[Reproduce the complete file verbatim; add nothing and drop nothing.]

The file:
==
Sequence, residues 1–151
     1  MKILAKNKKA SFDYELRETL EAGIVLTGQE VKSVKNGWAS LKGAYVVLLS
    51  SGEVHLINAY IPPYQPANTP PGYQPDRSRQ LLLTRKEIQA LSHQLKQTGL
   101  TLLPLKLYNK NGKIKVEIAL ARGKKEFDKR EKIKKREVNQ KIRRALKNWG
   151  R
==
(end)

Sequence, residues 1–151
     1  MKILAKNKKA SFDYELRETL EAGIVLTGQE VKSVKNGWAS LKGAYVVLLS
    51  SGEVHLINAY IPPYQPANTP PGYQPDRSRQ LLLTRKEIQA LSHQLKQTGL
   101  TLLPLKLYNK NGKIKVEIAL ARGKKEFDKR EKIKKREVNQ KIRRALKNWG
   151  R